8 Scams All Business Travelers Should Recognize
Too good to be true? Probably. Is this dangerous? Probably. Should I be skeptical? Probably.
Risk is an inevitable part of life. Every day, all of us make choices—subconsciously, consciously— to mitigate this risk, because we know the world is a dangerous place. While traveling, it’s easy to let one’s guard down, ignore instinct, and fall into traps. At home, you might recognize a scam from a mile away, but when you’re in an unfamiliar place, things are different. Criminals are always on the lookout for vulnerable outsiders.
There are significant, specific risks to travelling internationally, especially as the world grows more and more unpredictable. As an employer, you take part in these risks when your employees travel for business—especially internationally. We live in a global society. Corporate business is borderless. For an employer, that means travel risk management is not only a necessity, but a legal concern.
Even seasoned business travelers are at risk of falling for scams that can cost them and their company money. So, when travelling abroad for work, make sure you, your colleagues, and your employees are wary of the following increasingly common scams.
1. "Hey, is this your wallet?"
This classic scam involves a wallet or packet of cash set on the ground in front of you. The scammer picks it up and asks if it belongs to you, trying to give it to you. Another person approaches and claims that the wallet belongs to him, then accuses you of trying to steal it. The two scammers then either threaten to call the police unless the tourist pays them, or ask to see your money to prove you didn’t steal theirs. When you take out your money, they grab it and flee. This can also be done with jewelry or other seemingly valuable items.
2. The house always wins
According to the U.S Department of State, scammers set up games on crowded sidewalks in high tourist areas. They use three shells (or cups) with a small ball underneath one. They move them around and then stop, asking the audience to bet which one the ball is under. Their accomplices in the audience guess correctly the first few times, and then they let regular tourists get involved. They allow the tourists to win and place higher and higher bets until the scammer palms the ball causing the tourists to lose – sometimes hundreds of dollars. There are many simple games like this. It could be dice, cards, or anything else, but the outcome is the same: eventually, you lose, and you have to pay.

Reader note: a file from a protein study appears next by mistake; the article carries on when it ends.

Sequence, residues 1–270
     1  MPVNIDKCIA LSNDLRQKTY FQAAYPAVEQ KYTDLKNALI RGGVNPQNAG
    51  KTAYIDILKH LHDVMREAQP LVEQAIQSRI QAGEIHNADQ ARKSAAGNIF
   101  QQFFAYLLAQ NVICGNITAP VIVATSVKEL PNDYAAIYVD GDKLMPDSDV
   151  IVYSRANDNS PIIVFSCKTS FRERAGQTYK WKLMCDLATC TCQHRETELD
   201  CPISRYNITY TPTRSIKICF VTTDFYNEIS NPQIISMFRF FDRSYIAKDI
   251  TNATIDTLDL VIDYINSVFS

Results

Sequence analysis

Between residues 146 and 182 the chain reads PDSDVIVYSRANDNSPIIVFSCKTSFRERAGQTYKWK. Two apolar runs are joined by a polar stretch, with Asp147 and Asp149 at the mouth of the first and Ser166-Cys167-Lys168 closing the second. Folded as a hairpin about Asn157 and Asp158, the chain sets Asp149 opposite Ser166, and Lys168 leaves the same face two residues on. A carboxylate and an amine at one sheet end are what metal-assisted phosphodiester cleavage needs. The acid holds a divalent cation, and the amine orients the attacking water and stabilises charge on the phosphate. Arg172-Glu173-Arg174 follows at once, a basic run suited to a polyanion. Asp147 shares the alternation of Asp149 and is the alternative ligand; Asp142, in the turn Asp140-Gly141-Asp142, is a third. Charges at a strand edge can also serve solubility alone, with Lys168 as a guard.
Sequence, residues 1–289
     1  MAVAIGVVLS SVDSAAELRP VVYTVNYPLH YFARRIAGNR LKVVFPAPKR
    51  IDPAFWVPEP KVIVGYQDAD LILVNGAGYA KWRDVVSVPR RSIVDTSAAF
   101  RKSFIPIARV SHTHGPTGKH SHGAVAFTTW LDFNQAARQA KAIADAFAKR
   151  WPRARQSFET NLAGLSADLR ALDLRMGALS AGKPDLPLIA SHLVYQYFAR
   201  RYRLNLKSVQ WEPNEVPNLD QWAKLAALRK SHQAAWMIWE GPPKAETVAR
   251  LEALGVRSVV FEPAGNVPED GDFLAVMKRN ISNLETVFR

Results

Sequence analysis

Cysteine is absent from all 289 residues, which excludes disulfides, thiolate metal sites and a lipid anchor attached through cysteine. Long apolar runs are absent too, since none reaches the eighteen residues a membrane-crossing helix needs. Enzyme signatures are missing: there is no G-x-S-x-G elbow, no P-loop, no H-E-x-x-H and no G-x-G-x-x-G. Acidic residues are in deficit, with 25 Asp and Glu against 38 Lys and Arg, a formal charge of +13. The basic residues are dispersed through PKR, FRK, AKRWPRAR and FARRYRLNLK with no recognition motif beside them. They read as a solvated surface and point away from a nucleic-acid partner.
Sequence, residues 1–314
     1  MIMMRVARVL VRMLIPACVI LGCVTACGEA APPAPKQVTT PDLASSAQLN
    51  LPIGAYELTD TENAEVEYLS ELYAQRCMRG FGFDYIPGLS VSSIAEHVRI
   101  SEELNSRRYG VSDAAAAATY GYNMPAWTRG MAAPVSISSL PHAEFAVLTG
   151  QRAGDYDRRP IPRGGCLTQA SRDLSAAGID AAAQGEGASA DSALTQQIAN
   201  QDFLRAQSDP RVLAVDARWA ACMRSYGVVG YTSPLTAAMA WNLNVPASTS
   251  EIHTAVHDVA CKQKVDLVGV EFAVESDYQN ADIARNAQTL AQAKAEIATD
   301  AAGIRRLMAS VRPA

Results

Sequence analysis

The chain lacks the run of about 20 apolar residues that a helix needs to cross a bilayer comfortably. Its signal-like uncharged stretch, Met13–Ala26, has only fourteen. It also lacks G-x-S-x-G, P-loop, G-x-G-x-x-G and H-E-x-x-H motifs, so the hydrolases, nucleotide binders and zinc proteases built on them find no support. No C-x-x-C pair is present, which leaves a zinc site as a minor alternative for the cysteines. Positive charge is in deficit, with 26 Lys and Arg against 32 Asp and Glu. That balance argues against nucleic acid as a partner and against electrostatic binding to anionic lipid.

3. WiFi Hot Spots Not Spots
Hackers will sometimes set up unsecured WiFi hotspots in public locations to lure unsuspecting victims seeking internet access — the thief then gets access to your computer and personal information. When using WiFi in a public place, such as a cafe or hotel, ask a member of staff for the correct network. Send information only to sites that are fully encrypted and avoid using mobile apps that require personal or financial information.
4. A taxi scam to drive you crazy
A driver may not use the meter, or he’ll say the meter is broken, and overcharge you. Or you may be taken on a ‘detour’ to a hotel or shop, where the driver makes a commission from what you spend there. Before you go, research local taxi rates, and have an idea of how long the journey should take.
5. It’s always phishing season
Usually the goal of a phishing email is to maliciously obtain sensitive information such as usernames, passwords, records, money, social security numbers, credit card details, or bank information. This is done by sending legitimate-looking emails that have links or attachments. If you click on a link without thinking or open an attachment, you risk infecting your computer and introducing a virus into the company’s network.
6. “Will you watch my bag?”
A friendly stranger asks you to watch his/her bag or purse while in the airport, train, or bus station. The stranger leaves and returns with a police officer, or someone posing as one. The bag may contain drugs or other illegal items. The criminals then extort money or other valuables.
7. Guy walks into a bar…
A young, attractive person offers to show you around town, then invites you to enjoy food or drink at a nearby establishment. You may be taken to a dimly-lit back room and given a menu with small print. Sometimes, your beverages will be spiked with drugs to relax your inhibitions. When the bill arrives, the host leaves and the establishment sends back-up to force you to pay a crazily expensive bill or face assault.
A scammer posing as an art student might approach you and ask if you like artwork created by local artists. The scammer will invite you to view the artwork at an art gallery and serve drinks, before pressuring you to buy a piece, and/or demand compensation for the hospitality shown.
8. An unexpected call is your wake-up call
You get a call, seemingly from the hotel reception desk, asking you to confirm your card details. They may claim there is an issue with your card, but it’s actually a scammer, potentially working with someone inside the hotel. Do not share your card details on the phone. Instead, go to the hotel reception to make sure it’s legitimate.
At NC4 we strive to improve risk visibility and situational awareness with real-time incident alerts, updates, and global security information to prepare employees for safer travel. Choose a travel security solution that is as reliable as the world is unpredictable, and explore our solutions today.
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